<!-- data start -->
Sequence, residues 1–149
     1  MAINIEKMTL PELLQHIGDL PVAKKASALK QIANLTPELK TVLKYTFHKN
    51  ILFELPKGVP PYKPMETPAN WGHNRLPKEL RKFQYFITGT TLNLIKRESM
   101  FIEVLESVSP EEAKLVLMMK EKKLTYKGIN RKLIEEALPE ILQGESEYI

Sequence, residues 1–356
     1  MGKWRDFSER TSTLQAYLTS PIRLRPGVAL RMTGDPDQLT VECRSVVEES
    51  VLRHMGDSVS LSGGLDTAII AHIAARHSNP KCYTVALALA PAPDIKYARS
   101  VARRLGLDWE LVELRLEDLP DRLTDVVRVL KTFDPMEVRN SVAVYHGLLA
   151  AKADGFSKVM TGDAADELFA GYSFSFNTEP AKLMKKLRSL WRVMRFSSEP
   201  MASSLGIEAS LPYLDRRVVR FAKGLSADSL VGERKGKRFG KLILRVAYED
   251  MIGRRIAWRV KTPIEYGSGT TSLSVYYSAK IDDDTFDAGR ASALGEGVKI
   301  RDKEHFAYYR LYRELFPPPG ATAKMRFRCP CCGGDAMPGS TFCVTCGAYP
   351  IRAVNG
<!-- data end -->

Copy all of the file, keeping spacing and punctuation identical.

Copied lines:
Sequence, residues 1–149
     1  MAINIEKMTL PELLQHIGDL PVAKKASALK QIANLTPELK TVLKYTFHKN
    51  ILFELPKGVP PYKPMETPAN WGHNRLPKEL RKFQYFITGT TLNLIKRESM
   101  FIEVLESVSP EEAKLVLMMK EKKLTYKGIN RKLIEEALPE ILQGESEYI

Sequence, residues 1–356
     1  MGKWRDFSER TSTLQAYLTS PIRLRPGVAL RMTGDPDQLT VECRSVVEES
    51  VLRHMGDSVS LSGGLDTAII AHIAARHSNP KCYTVALALA PAPDIKYARS
   101  VARRLGLDWE LVELRLEDLP DRLTDVVRVL KTFDPMEVRN SVAVYHGLLA
   151  AKADGFSKVM TGDAADELFA GYSFSFNTEP AKLMKKLRSL WRVMRFSSEP
   201  MASSLGIEAS LPYLDRRVVR FAKGLSADSL VGERKGKRFG KLILRVAYED
   251  MIGRRIAWRV KTPIEYGSGT TSLSVYYSAK IDDDTFDAGR ASALGEGVKI
   301  RDKEHFAYYR LYRELFPPPG ATAKMRFRCP CCGGDAMPGS TFCVTCGAYP
   351  IRAVNG